“I think I was almost a decade ahead of the #MeToo movement,” she explained. “I used to speak out against some of the abusive, misogynistic, patriarchal stuff that was going on in Hollywood in 2008 and 2009, way before people were ready to embrace or tolerate it. And I was even ridiculed for doing it.” I think people just had time to look at that in retrospect.”

“I’ve never felt fully integrated into the feminist community and I still think it’s a pain in a terrible way,” she continued. “What I provoke in them is not something they can digest well. And so that comes back to me, because they reject me for those reasons. And I just don’t think I was a very sympathetic victim.”

“I was celebrated as a feminist until I had the audacity to call my friend ‘Daddy,'” she explained, referring to the moment at last year’s MTV VMAs when she told reporters that Kelly had told her what not to do. wear that night: “[He] was like, ‘You’re going to be naked tonight.’ I was like, ‘Whatever you say, Daddy!’” she said at the time, eventually sparking a social media frenzy – with many feminists criticizing her comment.

“My personality is very provocative to people,” Fox, who has since given up posting on social media and called it “bad,” said of the resistance. “I trigger the people I trigger. That’s something I, as a famous person, do. That is my goal in many ways.”

Still, the actress has no regrets.

“The [only] regret i have is that my personality is so lost to people, my sense of humor is lost. My intelligence is not recognized,” she said. “And that’s a shame. Sometimes I feel like I’m just wasting my energy and giving myself to people who don’t understand and don’t appreciate it [me]but I’ve never had anything that I look back on now and think, ‘I really shouldn’t have said that’ Because even the horrible things made me do so much to myself, that I grew exponentially because of it. †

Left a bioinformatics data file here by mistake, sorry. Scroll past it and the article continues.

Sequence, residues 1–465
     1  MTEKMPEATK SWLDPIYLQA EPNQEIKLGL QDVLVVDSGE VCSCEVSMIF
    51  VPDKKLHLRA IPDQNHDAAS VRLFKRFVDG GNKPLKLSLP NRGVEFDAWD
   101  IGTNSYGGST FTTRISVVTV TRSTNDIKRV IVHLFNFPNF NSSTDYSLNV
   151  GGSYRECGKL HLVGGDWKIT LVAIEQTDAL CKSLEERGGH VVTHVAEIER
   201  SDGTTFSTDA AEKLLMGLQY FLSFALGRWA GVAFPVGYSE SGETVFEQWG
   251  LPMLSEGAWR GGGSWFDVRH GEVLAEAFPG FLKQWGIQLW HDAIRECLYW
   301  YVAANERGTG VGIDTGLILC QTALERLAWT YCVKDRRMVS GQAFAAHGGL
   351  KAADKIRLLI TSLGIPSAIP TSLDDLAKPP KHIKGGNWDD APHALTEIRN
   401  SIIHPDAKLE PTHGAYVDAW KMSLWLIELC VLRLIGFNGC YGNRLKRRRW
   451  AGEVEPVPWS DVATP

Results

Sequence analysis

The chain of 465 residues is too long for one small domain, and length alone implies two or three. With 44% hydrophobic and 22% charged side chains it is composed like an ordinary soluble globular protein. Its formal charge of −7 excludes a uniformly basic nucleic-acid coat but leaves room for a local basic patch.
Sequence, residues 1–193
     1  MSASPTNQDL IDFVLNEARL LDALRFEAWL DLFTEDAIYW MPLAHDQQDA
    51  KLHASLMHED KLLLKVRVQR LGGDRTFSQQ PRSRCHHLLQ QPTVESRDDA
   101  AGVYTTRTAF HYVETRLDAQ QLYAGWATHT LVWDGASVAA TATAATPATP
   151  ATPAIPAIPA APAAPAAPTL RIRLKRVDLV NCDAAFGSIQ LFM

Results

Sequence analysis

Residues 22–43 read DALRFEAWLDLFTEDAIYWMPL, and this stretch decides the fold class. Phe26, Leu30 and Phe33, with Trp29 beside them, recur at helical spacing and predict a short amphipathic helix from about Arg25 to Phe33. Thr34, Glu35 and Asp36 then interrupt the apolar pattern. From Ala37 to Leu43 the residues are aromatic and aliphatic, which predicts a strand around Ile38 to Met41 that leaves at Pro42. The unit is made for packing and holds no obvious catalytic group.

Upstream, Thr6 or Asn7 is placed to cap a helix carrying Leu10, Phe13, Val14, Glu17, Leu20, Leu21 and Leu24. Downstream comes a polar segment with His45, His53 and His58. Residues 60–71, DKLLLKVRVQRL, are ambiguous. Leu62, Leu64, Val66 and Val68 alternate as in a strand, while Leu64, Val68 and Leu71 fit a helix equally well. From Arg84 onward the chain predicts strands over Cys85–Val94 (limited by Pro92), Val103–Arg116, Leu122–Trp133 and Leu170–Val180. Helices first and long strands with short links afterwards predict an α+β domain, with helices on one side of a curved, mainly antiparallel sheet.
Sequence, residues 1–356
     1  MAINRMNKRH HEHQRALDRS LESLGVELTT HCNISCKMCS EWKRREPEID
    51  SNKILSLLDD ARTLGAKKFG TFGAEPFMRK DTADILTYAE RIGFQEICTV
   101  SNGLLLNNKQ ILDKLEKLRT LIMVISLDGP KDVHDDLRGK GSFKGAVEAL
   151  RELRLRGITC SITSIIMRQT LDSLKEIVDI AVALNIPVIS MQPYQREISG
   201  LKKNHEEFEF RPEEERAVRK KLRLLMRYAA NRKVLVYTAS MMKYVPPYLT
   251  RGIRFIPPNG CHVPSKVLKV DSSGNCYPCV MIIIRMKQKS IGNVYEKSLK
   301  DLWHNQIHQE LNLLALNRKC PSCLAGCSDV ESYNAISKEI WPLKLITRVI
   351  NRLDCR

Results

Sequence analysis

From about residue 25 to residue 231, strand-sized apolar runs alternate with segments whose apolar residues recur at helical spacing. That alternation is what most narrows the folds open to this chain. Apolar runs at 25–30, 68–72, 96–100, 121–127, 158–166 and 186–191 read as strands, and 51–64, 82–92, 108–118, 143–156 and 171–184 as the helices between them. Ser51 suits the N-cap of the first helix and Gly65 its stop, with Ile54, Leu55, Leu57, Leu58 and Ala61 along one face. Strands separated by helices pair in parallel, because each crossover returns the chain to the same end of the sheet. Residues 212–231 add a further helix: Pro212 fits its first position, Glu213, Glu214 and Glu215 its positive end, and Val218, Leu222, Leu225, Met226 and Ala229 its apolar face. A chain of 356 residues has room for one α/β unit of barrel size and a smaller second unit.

Fox’s relationship with the “trauma” of fame led to her having a psychological breakdown, forcing her to withdraw from the spotlight due to the sexual objectification she faced from people online.

“I don’t know if the psychological breakdown was strictly related to being objectified, it had more to do with just being dehumanized and constantly being criticized and judged,” she says now. “When so many people around the world think about you or have negative thoughts or intentions towards you, that energy permeates and permeates me. I have no boundaries or walls for that. I am still human. That way I’m still vulnerable, I can feel it. And that was part of the battle.”

“I closed a lot and withdrew from everything,” she said of that time. “I’m so much better equipped now to deal with it and experience it in a way that I can really enjoy it and not always be so self-conscious and scared.”

Looking ahead, however, Fox finds solace not in people’s opinions, but in her own journey.

“I’d like to be remembered as someone who was brave, who wasn’t afraid to explore and become myself regardless of anyone else’s comment,” she said. “But I also want my legacy to ultimately be someone who has helped others, either helped others find themselves in the same way, or helped others feel love, feel self-love and be able to give that love to their own children and to their own family. Because that naturally spreads. And that’s what we’re all missing right now.”